Cheryl Williams of Melville is always on the lookout for a new idea that will enhance her mother’s quality of life. Williams’ mother, Elsie Lewchuk, became a resident of the Canora Gateway Lodge almost two years ago.
“Google and Pinterest are my buddies,” Williams says. “Mother used to be a homemaker and was very active. I am always looking for ideas that stimulate her and make her happy.”
Williams researched numerous sites that sell kits and sensory stimulating articles for individuals with dementia. She was looking for items that were safe, durable, washable, and provided tactile stimulation. One thing caught her attention: special sleeves designed to provide a stimulation activity for restless hands for patients suffering from dementia.
These knitted bands have trimmings of ribbons, beads, buttons and zips on both outside and inside that patients can twiddle and fiddle with. They are used to calm patients with dementia or Alzheimer’s by giving them something to do with their hands.
Not only do these items provide sensory stimulation, they are practical in that they provide warmth.
Armed with her research, Williams purchased a knitting loom and has not looked back. She introduced her mother to these sleeves in October. Since then, she has made 18 colourful units.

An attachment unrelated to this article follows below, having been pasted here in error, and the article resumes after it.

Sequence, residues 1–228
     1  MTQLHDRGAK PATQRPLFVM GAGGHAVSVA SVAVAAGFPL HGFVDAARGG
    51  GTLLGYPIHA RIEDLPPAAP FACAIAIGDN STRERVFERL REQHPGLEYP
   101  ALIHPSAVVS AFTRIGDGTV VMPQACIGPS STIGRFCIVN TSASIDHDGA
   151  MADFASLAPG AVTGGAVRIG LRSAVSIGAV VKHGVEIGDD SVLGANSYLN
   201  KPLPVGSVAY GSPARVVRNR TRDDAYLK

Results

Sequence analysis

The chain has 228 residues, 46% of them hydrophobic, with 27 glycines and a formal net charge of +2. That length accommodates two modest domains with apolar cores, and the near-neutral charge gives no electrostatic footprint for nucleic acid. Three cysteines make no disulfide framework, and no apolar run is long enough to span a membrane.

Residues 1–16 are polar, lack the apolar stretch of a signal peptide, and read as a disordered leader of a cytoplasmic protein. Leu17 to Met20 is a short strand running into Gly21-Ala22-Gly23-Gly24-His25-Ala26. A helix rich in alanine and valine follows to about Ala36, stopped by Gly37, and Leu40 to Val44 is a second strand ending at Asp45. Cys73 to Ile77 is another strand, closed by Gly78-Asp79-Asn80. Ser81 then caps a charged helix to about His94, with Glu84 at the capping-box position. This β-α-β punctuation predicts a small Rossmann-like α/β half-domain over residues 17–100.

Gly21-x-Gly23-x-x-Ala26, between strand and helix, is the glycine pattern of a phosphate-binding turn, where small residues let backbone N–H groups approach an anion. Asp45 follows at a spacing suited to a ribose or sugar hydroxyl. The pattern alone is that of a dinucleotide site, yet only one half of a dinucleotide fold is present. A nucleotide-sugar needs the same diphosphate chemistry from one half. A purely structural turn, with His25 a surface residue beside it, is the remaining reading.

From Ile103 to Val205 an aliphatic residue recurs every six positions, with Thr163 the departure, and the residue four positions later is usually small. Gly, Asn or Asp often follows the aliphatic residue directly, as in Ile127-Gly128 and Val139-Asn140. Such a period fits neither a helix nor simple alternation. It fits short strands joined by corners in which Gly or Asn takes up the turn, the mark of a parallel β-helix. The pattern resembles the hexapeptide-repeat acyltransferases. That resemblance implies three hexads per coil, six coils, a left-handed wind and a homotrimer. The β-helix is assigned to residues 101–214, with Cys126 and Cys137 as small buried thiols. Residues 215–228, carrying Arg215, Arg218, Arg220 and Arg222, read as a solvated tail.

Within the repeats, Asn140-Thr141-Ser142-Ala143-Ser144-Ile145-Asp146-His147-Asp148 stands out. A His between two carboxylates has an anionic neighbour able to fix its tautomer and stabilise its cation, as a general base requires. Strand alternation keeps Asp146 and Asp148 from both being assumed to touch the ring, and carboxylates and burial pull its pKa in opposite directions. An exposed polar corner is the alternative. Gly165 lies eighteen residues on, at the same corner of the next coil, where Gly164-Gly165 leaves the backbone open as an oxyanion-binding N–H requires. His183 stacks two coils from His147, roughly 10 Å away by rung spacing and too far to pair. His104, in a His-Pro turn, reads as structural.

Cheryl Williams with her mom Elsie Lewchuk. Thanks to Williams, Gateway Lodge has been a recipient of a number of sensory stimulation items suitable for residents with dementia.
Determined to find other sources of tactile stimulation, Williams’ next project was creating a lap mat, again using cloth of varying textures, and adorned with beads, buttons and other things to occupy the hands of patients.
Williams scoured Melville’s local shops for cloth with interesting textures and prints, as well as sheets and blankets that could be configured into lap mats. Innovative Quilting in Melville, owned by Dolores Pilipow, generously donated the material and batting to these projects. Others from the community quilting guild are now making the lap mats.
To date, Williams has donated 18 sensory sleeves and 18 lap mats for the residents of Canora Gateway Lodge.
“The first ones were for mom, the others are a donation,” Williams said. “I really do not sew, but I can make a straight line,” she laughs. “Mom is a giving person who was active in the community. It is part of our heritage. It is a pleasure to pay it forward and give back to the elderly,” Williams adds.